One of the casemate museum rooms also details how the fort was used in the Civil War. The confederacy occupied the fort to protect Beaufort Harbor. The Union, under Maj. Gen. Ambrose Burnsides, attacked it in April 1862. In spite of the extensive fortifications, the new union rifled cannon (parrott) was used against the fort causing extensive damage. The Confederates held out until the powder magazine was in danger of being breached, then had to surrender. The rifled cannon was beginning to make fixed, coastal fortifications obsolete. The photo on the right is of similar damage to another fort shortly before Fort Macon was attacked.


Although obsolete as a coastal defense in the traditional sense, Fort Macon was used again in World War II as a lookout post for U-Boats (and any other Axis threats from the sea). Another casemate room is set up to display a typical WWII barracks room.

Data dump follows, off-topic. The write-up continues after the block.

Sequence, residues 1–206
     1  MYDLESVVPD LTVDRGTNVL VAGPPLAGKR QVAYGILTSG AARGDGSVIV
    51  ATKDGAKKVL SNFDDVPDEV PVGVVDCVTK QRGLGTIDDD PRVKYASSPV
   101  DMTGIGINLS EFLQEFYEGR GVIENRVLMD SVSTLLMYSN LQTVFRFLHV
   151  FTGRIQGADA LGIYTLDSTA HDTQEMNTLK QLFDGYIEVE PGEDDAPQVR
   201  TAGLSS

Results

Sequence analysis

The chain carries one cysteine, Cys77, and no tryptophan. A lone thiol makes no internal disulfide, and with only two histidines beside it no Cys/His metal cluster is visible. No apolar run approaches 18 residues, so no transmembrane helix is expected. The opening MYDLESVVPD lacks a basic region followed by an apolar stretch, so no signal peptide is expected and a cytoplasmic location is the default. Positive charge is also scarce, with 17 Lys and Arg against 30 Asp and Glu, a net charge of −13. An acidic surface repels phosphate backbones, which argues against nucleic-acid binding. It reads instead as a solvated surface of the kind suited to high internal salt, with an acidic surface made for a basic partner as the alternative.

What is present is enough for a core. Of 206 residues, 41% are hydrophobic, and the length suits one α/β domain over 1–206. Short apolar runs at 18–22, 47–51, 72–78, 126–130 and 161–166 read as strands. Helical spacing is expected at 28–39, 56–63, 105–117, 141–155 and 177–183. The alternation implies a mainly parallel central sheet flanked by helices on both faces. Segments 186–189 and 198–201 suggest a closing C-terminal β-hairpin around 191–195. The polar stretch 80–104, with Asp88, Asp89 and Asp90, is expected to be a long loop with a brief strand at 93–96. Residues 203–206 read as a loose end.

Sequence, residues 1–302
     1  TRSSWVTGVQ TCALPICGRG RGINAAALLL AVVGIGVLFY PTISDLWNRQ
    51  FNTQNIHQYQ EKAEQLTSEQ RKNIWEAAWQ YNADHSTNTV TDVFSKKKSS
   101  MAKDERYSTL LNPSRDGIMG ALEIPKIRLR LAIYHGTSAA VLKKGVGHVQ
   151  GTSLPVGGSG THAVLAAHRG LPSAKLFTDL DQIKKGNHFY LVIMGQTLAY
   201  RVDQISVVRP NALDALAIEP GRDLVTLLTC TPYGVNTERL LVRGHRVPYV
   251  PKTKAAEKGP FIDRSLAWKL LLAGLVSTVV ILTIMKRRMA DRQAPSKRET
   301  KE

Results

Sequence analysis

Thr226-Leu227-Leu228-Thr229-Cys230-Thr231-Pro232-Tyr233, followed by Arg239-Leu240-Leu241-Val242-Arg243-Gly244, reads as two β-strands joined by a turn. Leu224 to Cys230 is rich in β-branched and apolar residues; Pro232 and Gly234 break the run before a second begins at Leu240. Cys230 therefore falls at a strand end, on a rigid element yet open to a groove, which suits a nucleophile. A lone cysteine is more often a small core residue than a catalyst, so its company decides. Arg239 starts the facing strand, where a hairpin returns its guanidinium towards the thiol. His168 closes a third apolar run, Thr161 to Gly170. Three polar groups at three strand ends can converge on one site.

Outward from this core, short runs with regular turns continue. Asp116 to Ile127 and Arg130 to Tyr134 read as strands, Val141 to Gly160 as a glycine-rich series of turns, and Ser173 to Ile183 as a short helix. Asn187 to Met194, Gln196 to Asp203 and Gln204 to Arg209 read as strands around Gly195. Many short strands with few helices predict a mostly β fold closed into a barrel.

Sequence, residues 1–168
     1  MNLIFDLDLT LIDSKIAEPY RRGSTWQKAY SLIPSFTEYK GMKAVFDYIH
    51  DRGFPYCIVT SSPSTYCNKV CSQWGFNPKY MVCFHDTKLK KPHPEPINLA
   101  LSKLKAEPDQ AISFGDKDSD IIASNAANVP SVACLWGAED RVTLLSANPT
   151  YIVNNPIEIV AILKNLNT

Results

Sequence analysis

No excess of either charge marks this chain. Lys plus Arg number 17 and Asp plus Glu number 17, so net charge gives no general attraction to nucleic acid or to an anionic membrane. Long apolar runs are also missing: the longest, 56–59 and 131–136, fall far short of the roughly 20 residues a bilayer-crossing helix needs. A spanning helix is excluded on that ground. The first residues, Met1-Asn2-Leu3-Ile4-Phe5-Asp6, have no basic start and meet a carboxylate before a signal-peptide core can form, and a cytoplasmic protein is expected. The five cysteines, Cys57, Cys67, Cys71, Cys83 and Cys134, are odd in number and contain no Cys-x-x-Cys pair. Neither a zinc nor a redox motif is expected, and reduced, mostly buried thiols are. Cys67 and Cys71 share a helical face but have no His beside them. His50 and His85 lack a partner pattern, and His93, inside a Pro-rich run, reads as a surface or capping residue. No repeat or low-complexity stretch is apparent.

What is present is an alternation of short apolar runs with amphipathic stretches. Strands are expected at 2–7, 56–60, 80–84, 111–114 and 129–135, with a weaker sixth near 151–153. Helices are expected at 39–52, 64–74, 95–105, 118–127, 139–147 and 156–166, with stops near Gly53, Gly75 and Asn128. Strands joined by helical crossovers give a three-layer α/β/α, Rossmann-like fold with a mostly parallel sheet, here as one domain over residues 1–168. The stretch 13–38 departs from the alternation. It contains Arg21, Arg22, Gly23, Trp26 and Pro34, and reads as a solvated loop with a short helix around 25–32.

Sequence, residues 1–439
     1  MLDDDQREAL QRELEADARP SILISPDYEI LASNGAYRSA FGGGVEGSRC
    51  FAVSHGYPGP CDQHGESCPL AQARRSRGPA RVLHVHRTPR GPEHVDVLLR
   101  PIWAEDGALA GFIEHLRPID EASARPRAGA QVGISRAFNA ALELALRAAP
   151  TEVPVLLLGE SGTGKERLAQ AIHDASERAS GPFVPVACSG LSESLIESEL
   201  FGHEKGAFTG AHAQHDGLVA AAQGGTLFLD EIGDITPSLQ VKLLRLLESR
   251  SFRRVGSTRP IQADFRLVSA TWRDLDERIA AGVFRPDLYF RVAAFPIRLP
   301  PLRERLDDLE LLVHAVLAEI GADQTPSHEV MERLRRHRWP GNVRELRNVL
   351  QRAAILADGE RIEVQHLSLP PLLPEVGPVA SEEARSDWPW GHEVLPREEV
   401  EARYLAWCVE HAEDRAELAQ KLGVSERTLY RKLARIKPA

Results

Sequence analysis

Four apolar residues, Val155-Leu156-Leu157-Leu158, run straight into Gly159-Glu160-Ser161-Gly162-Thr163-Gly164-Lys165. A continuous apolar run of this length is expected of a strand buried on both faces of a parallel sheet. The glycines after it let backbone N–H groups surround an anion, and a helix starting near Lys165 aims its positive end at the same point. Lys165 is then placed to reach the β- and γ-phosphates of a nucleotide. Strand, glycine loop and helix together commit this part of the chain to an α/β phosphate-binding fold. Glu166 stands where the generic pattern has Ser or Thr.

I suppose you could learn all this stuff in books, and I certainly have been buying enough of them also, but these well laid out museums with great signage are so nice. They can boil thing down so you can get a pretty good picture in much less time - plus with diarama's, audio/video displays and replica's or artifacts - you almost can get a sense of what it was like to be there. I'm beginning to actually like museums like this a lot! Can you believe I actually take pictures of as many of the signs as I can (or course, I don't have time to read them all during the trip, nor would I remember much if I did - both solved by means of a quick, digital shot).

Anyway, I had some business to take care of on my dad's place (still struggling with that trustee garbage), so decided to just stay at WM and do it - besides it was right next to a Staples from which I could send my overnight mail.

New Bern will have to wait until tomorrow.

Posted by jl98584 18:24 Archived in USA Tagged family_travel